* Football players have had some colorful names. Among its Hall of Fame players are Elroy (Crazylegs) Hirsch, Frank (Bruiser) Kinard, Dick (Night Train) Lane, Clyde (Bulldog) Turner, and Alphonse (Tuffy) Leemans. At various times, groups of defensive linemen have been known as Purple People Eaters, the Fearsome Foursome, and the Steel Curtain.
* Though not the case today, pro football and major league baseball have occasionally had identically named teams, among them the Brooklyn Dodgers, the Cleveland Indians, and, until recently, the St. Louis Cardinals.
* The oldest NFL record belongs to Ernie Nevers, whose 40 points in a 1928 game have never been surpassed.
* The Duluth Eskimos - the "Ironmen of the North" - played 28 of 29 games on the road in 1926.
* Helmets did not become mandatory equipment until 1943. By 1956, technological developments led to a rule banning the use of radio receivers to communicate with players on the field.
* The Los Angeles Rams, in 1948, became the first team to adopt a modern helmet emblem when they went to their now-traditional ram horns. Today, only the Cleveland Browns refuse to adorn the sides of their helmets.
* Johnny Unitas, a ninth-round draft choice cut from the Pittsburgh Steelers in 1955, was signed by the Baltimore Colts as a free agent. He became one of the all-time great quarterbacks.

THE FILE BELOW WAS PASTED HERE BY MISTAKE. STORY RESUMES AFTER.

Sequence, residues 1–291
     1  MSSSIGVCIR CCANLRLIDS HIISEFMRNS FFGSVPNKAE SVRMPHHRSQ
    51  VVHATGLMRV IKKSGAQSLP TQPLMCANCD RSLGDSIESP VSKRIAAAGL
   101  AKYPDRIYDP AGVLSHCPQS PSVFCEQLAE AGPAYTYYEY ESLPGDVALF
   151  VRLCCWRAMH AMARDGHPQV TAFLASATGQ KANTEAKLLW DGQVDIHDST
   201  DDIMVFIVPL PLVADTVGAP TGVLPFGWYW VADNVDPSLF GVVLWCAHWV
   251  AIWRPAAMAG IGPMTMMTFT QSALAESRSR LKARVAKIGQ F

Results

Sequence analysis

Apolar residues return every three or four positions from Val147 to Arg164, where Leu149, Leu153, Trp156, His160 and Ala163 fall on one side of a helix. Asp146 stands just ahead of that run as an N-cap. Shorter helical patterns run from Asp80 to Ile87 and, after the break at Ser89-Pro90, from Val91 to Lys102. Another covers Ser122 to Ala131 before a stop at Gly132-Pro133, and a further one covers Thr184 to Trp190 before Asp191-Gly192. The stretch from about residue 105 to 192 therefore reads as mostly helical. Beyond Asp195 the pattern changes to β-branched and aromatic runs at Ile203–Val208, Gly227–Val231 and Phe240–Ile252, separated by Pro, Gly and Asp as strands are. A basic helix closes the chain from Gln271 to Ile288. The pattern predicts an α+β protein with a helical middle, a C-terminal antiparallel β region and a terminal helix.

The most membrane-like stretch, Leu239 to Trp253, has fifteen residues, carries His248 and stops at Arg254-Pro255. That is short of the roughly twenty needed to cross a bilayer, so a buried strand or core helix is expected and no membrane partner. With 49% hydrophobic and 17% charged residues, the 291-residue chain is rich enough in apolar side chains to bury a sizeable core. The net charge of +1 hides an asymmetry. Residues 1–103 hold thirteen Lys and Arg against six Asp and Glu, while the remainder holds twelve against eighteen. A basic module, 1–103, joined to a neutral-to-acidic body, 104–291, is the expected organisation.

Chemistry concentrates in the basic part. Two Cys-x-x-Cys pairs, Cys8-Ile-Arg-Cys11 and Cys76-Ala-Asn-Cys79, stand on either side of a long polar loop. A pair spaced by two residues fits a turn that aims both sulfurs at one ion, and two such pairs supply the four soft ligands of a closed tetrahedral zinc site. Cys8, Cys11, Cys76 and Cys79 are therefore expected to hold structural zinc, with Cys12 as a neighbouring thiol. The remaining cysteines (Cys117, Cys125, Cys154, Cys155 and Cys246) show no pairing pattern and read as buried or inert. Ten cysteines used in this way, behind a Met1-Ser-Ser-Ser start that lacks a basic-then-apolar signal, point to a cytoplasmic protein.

* For better visibility, the NFL once used white balls with black stripes for night games. In 1956, however, the league outlawed them in favor of white stripes on natural leather footballs. When Joe Namath turned professional in 1965, he popularized white shoes, a color preference that many teams still maintain.
* Why, O, why, Ohio? Some may have asked themselves with the 1963 opening of the Pro Football Hall of Fame in Canton, Ohio. Simple. The American Professional Football Conference, a forerunner of the NFL, was begun in Canton.
* NBC caught a lot of flak in 1968 when it cut off the last minute of the Oakland Raiders-New York Jets game to begin a scheduled children's program (the movie "Heidi") on time. What made matters worse is that the Raiders scored two touchdowns in the last 42 seconds and won, 43-32.
* In 1982, for the first and only time so far, the Super Bowl was played in a northern climate. Not outdoors, but in the Pontiac Silverdome in suburban Detroit.
* An NFL game was first televised in 1939. Roughly a thousand TV sets in New York received the broadcast.
`Kidspace' is a place on the Home Forum pages where kids can find stories that will spark imaginations, entertain with a tall tale, explain how things work, or describe a real-life event. These articles appear twice a month, always on a Tuesday.